Rats streamed out of a ruined home on Harrison Street in Bellmead this week as an excavator clawed into its charred wood siding.
Within 15 minutes, wrecking crews had leveled the house, which had burned months ago and had become a magnet for mischief. It was the first of many demolitions the city of Bellmead is planning in a citywide campaign to remove blight, re-establish neighborhood pride and improve property values, one lot at a time.
“Yay, the dopeheads are gone,” said Kathy Vohl, watching crews from Mosby’s Land Management Service demolish the house Wednesday at 4019 Harrison St. Her father lives next door to the burned house, and she said it had become a nuisance for him.
“People have hung out here, harassed my dad, staying up all hours of the night, revving engines and just having people going in and out at all hours,” Vohl said.
City Manager Yost Zakhary said the house on Harrison Street is one of seven homes the city has identified as properties in need of immediate demolition. Crews began working Thursday at a property on Campground Road while three other homes on Travis Street, one on San Jacinto Street, and one on Concord Road are on the short list.
Zakhary said the city agreed to a contract of about $46,000 with Mosby’s to demolish the seven houses, and dozens more could follow.
“For the long term, this is the best thing for the city,” he said. “We want to enhance our residential areas and we cannot continue to invest in their property when the property around them is deteriorating and is deteriorated.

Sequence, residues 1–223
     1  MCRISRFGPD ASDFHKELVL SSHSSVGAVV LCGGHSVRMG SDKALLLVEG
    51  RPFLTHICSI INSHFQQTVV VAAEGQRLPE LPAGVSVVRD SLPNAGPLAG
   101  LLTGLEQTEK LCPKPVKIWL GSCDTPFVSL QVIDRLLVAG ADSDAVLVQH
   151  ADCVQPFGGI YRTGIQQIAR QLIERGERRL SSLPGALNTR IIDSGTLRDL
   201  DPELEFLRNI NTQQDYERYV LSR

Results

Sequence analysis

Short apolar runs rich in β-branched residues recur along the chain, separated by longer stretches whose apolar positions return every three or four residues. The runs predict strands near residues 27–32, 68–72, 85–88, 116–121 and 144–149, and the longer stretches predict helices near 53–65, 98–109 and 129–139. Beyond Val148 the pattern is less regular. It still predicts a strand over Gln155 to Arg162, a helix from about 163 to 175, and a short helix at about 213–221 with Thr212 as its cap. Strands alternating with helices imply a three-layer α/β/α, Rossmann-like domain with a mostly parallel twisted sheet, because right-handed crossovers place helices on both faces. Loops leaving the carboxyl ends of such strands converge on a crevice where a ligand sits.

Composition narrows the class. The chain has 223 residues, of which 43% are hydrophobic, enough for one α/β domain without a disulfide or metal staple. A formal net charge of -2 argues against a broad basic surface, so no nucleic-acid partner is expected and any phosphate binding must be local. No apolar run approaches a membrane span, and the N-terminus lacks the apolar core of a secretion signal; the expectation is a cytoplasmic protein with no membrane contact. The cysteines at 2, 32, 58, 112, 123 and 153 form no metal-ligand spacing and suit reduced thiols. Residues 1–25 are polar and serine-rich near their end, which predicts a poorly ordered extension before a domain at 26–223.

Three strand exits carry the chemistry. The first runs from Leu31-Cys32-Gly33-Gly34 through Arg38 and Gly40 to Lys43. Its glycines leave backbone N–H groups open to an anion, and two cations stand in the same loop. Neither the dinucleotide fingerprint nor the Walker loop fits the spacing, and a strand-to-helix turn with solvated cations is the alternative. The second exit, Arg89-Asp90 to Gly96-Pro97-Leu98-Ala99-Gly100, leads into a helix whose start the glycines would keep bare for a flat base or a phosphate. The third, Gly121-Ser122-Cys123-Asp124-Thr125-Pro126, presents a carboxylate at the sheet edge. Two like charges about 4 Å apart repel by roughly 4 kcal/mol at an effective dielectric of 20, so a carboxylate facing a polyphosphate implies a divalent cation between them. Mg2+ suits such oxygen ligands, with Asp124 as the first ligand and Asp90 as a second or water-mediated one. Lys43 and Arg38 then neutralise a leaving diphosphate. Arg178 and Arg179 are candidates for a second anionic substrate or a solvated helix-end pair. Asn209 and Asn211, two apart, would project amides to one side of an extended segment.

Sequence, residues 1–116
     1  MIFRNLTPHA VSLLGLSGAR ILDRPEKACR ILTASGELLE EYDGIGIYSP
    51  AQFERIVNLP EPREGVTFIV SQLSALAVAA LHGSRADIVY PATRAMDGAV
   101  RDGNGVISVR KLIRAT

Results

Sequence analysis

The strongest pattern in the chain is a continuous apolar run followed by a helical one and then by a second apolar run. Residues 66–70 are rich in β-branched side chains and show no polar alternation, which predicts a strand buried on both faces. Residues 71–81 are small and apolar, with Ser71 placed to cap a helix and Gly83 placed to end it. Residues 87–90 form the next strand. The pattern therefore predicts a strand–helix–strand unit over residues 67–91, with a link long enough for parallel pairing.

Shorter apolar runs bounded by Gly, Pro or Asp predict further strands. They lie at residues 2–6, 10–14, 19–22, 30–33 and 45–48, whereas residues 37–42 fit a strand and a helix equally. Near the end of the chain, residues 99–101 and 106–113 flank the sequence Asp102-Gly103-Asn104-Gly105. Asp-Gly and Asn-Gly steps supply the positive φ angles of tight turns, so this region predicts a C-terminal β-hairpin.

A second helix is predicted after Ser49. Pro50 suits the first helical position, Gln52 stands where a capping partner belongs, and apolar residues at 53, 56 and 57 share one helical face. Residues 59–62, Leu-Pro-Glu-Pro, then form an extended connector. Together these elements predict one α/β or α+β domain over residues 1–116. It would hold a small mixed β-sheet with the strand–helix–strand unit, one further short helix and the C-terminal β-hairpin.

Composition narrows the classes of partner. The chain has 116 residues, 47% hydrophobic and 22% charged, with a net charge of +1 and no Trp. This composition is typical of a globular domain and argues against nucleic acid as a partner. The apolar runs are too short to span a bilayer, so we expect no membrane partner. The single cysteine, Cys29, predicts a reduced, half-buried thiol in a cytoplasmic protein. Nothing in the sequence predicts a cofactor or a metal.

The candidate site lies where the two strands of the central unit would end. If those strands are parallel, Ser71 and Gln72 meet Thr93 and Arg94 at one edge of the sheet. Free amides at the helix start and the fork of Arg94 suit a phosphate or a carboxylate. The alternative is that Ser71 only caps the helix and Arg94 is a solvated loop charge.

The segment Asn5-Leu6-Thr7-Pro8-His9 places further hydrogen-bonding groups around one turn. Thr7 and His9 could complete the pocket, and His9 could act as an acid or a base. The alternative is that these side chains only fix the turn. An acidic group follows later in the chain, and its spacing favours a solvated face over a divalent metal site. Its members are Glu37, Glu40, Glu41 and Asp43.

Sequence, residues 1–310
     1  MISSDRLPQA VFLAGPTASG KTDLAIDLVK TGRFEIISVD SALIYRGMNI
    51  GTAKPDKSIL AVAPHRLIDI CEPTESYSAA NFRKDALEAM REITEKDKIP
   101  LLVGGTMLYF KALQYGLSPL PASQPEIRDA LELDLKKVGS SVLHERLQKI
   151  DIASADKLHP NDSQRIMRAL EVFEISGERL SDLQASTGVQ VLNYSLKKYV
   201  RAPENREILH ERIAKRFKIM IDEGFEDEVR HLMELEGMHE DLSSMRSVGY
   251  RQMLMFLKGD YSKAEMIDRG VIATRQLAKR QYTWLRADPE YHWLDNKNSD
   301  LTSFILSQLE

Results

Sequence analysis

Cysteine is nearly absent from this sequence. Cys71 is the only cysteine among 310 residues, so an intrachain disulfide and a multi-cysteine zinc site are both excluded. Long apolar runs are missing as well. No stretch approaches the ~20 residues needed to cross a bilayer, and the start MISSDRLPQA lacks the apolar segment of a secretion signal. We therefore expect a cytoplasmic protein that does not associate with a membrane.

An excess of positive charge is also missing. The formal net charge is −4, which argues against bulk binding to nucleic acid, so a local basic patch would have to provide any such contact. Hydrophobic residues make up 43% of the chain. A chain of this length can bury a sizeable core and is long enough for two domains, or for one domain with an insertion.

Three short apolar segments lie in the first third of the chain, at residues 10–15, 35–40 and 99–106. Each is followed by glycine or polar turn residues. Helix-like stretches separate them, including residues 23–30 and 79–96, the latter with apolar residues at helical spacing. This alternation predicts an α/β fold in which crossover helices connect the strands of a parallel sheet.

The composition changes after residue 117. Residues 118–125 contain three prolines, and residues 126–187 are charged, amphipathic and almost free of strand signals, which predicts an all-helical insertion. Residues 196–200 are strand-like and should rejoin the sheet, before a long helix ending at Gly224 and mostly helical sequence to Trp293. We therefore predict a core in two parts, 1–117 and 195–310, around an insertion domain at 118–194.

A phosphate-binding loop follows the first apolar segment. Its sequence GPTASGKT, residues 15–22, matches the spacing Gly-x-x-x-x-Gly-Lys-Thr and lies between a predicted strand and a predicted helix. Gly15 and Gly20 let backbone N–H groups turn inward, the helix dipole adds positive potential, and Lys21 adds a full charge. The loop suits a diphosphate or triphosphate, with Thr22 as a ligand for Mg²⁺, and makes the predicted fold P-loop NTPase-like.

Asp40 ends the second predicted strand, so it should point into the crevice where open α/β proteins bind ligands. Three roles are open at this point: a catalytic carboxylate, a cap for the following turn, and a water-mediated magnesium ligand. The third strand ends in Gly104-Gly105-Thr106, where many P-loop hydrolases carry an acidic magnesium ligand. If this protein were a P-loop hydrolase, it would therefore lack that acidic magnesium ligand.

The city is demolishing the structures with funding from the the Bellmead Economic Development Corp. The city’s building official, Gary Garner, said about 36 properties have been identified or tagged for immediate cleanup, but the city is working with property owners first. In the case of the Harrison Street house, a family member in Waxahachie told city officials to go ahead with the demolition.
“We are going through our city attorney and do background checks looking into any property liens on the property and it’s a lengthy process we have to go through,” Garner said. “This house on Harrison is our first house and it was going to be our No. 1 here, because it was a big safety concern.”
The structures up for demolitions have been red-tagged as dangerous by city inspectors, signaling that the owner must repair or raze the structure within 30 days or seek an extension from the city.
“We want to respect property rights and our preference would be that they do their own cleanup and sell the property or reinvest in another residential home,” Zakhary said. “If they don’t, we will protect the integrity of the entire neighborhood and we may file property liens against the owners.”
The city will bill the property owner for the demolition, and if the bill is not paid, a lien for that amount will be placed on the title for the property. The city can then acquire the property through the foreclosure process and then attempt to resell it. However, Zakhary said the Bellmead City Council has discussed the issue and made it clear that the intention is to clean up the city, not to acquire property.
“The city has no desire to own city lots or city housing,” Zakhary said.
Zakhary said city officials this week received several calls from neighbors thanking them for the cleanup.